‘A Wildly Casual Web Conversation with Three Web Poets’, by Evan Fleischer

Photo by William Warby. Reproduced under the Creative Commons Attribution 2.0 Generic License

Bob Schofield, Dalton Day, and Key Ballah: I spoke with them all fairly recently. I’d come to know them and their poems through the dual miasmic process of clicking through from one Tumblr blog to the next and through the already active enthusiasm of a woman I want to get dogs with. The conversation with the poets threatened to turn wildly casual at more than one point, longer and flow-ier that these terse little clauses, but it wasn’t a chat “Dropped from a tree’s back pocket”, as BR Dionysius said of a Kingfisher or – per Adam Aitken – “crows consider[ing] life in a decommissioned bomber”.

It was the kind of chat where I reached out to Bob Schofield and asked him – in an echo of his style – to tell me about the time Edward Gorey passed the time as his babysitter by turning into a bat playing a ukulele, or, to put the joke in sensible clothes: what – to him – makes a good influence?

“Well,” he said, “obviously the night was dark, stormy, the whole deal. I was small, barely more than a shadow. I slid under doors and through the cracks between old leather books. But my ears worked, and I heard a beautiful twanging coming from the attic. I drifted toward it, and there he was, Mr. Gorey himself, hanging upside down from the rafters and strumming sadness straight into my heart. “The truth of it is simple,” he squeaked to me in bat-speak. “A good influence is one that makes you excited to go and make something of your own. They light the fuse inside your brain, but the ensuing fireworks are yours.”

Schofield, Ballah, and Day often post a new poem every single day, and this was the game – to see if I could interview these three relatively ‘unknowns’ with a decent following in their own style. The New York Times posts around 200 or so new stories to its website every single day. Hemingway wrote seven novels during his life. So far, Toni Morrison has written eleven. But does any of this matter? Coleridge didn’t even finish a poem and is more than settled into the history of things. What is the 'right’ rhythm here?

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It’s just fucking turtles all the way down.

"Lately I’ve been feeling that maybe my devotion to rhythm is slavish, possibly unhealthy, and that perhaps I should take a step back from it,” Schofield told me. “There are other ways to write, and those are well worth exploring. Sometimes it’s like I’m blindfolded and wandering towards the sound of drums pounding through some lightless forest in my head. If the words don’t have the proper beat, the sentences don’t have the right interplay of punchy and meandering, I’m lost. But then I have to wonder if stepping outside a maniacal focus on linguistic rhythm would take me to a similar place, just yield a different task master. Like say I took a few more steps toward linear narrative, would I not end up kneeling before the dark god of story beats? Any way you slice it, language is words. Words are spoken. Its core is organised sound, which is music, and rhythm is a part of that. So there’s no escape really. It’s just fucking turtles all the way down.”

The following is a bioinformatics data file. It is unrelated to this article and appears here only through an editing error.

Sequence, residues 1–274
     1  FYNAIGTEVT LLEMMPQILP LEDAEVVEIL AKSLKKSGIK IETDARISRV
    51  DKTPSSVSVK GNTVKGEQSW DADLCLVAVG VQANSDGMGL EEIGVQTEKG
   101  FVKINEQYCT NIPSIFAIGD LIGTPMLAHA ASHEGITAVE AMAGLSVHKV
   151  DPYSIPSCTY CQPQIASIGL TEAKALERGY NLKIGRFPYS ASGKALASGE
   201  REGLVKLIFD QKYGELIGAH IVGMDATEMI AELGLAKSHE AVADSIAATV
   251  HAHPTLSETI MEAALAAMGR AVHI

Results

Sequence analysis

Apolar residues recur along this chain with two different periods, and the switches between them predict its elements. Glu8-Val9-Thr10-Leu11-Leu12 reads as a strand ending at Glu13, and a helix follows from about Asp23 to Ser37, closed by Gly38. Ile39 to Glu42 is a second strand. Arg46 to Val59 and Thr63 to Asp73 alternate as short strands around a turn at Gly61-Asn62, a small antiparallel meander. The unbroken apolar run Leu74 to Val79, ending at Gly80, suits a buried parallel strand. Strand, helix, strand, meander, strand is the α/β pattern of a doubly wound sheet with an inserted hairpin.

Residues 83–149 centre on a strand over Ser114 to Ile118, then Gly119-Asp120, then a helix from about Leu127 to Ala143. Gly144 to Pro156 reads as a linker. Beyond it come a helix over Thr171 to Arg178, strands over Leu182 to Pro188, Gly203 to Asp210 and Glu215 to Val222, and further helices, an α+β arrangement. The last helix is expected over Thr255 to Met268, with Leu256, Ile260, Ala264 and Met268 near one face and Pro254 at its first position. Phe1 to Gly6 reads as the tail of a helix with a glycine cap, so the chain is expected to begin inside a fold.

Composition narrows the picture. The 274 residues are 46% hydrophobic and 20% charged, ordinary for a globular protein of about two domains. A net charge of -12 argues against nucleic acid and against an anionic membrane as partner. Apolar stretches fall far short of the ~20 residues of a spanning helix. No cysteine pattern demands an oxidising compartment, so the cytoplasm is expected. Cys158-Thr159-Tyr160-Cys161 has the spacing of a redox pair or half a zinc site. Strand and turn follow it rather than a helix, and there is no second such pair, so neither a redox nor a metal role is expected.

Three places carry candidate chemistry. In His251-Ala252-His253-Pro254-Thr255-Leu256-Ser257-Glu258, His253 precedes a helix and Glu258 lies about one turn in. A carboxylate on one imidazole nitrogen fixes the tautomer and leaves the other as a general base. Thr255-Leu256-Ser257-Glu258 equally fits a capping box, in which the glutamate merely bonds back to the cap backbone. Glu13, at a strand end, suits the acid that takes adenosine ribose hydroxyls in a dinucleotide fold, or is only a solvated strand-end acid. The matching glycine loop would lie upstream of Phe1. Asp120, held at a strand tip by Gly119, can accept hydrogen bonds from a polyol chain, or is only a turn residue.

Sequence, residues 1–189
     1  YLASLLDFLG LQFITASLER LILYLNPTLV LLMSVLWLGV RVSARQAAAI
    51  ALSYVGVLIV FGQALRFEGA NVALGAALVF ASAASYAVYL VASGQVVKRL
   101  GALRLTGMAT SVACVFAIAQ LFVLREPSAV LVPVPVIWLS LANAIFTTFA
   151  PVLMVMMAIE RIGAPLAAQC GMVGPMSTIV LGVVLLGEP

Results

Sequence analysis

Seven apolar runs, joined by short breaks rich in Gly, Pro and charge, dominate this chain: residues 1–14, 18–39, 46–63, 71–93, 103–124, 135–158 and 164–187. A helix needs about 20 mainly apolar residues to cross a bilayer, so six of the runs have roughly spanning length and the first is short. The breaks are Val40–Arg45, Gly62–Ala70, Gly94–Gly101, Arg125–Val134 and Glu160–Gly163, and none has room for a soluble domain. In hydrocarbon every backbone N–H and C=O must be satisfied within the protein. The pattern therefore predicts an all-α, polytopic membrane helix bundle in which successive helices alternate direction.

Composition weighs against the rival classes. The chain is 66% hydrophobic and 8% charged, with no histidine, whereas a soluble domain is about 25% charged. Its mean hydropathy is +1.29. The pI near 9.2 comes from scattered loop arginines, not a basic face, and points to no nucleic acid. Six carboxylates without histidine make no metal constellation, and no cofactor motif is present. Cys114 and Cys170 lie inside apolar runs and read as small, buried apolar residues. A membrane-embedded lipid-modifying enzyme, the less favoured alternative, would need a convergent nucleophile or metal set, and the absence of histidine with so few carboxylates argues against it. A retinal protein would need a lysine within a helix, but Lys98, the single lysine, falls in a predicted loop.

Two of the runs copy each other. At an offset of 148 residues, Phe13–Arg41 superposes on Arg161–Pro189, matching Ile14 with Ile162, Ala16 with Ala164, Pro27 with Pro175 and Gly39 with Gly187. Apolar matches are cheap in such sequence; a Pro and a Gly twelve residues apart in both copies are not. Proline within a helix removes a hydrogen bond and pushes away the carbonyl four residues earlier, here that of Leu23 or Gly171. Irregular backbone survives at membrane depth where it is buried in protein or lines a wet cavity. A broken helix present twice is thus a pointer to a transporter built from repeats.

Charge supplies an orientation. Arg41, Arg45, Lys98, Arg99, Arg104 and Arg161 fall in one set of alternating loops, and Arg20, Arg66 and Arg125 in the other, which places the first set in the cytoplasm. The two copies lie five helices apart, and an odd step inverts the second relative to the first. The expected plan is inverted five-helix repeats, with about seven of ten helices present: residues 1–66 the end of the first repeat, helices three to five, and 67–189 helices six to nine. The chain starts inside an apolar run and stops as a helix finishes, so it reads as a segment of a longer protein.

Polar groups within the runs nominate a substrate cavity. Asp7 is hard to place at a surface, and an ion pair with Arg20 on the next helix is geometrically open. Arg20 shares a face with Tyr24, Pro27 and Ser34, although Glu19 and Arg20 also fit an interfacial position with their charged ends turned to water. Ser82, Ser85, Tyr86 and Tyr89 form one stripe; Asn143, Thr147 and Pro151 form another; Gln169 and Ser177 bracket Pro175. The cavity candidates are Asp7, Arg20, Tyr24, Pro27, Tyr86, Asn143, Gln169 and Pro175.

“Rhythm is a natural part of my life,” Ballah said. “As a child my father was heavy into hip hop, and discussion on the topic of rhythm and beat were often had between him and my uncle. My dad was very keen on ensuring that I understood the lyrics I was rapping along to in the back seat. He’d often turn around and ask ‘Do you know what you’re saying?’ Then he’d tell me to write out what I heard when we got home and he’d explain it to me. He was heavy into Slum Village, ATCQ, AZ, Slum’s song tainted was his joint. I actually reflect on this often because it’s where my love for words came from but also my understanding of the musicality and rhythm that words inherently have. It’s probably my one of my favourite parts of writing, manipulating the inherent rhythm in a combination of words to form a greater rhythm in a poem as a whole.”

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“Recently I participated in a project where I listened to other people read my work out loud,” Ballah continued. “I was struck with the difference in rhythm, and how it often felt like a completely different piece of writing. I was incredibly taken aback by how the words felt different, like they took on entirely different meanings with the different interpretations of rhythm that my writing invoked … After that initial shock though and that eerie disconnect there was conversation about what the specific pieces meant to every individual who performed and I had a moment of clarity. As people we inherently have our own rhythm, it’s how we navigate and negotiate the world around us, it’s like a fingerprint.”

Rhythm adds up to a book. The mystery is then – as was the case when watching Le mystère Picasso – when to call time, pull the ripcord, and send it sailing off into the world.

Writing was just puzzle solving.

“The first book was like scratching days off a calendar,” Schofield said, “because it literally was a calendar. It was like one of twelve perforated sheets of paper on your desk, only with bird legs and a black octopus floating above it. What I mean to say is the writing was just puzzle solving. I wrote until I knew the pieces I wanted to play with, then arranged them so they fit in thirty different slots. And there were illustrations too, to keep it running smoothly, and the reader’s eyes don’t get too sleepy. So I knew it was ready after one of umpteen different readthroughs, when a calmness in my spine told me there was no more need to tinker. I packed it up and hit‘send’ and disappeared in my little boat.”


Evan Fleischer is a writer-at-large. His work has appeared in The New York Times, The Guardian, The Washington Post, The Paris Review, Esquire, and elsewhere.